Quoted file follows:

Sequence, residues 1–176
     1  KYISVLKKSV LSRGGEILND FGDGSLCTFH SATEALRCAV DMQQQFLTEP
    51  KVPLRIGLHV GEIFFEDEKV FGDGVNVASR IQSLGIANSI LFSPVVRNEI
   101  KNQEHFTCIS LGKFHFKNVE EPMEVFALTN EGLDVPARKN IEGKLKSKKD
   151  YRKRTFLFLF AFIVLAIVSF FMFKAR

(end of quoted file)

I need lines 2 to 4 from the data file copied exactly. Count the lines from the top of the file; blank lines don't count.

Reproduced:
     1  KYISVLKKSV LSRGGEILND FGDGSLCTFH SATEALRCAV DMQQQFLTEP
    51  KVPLRIGLHV GEIFFEDEKV FGDGVNVASR IQSLGIANSI LFSPVVRNEI
   101  KNQEHFTCIS LGKFHFKNVE EPMEVFALTN EGLDVPARKN IEGKLKSKKD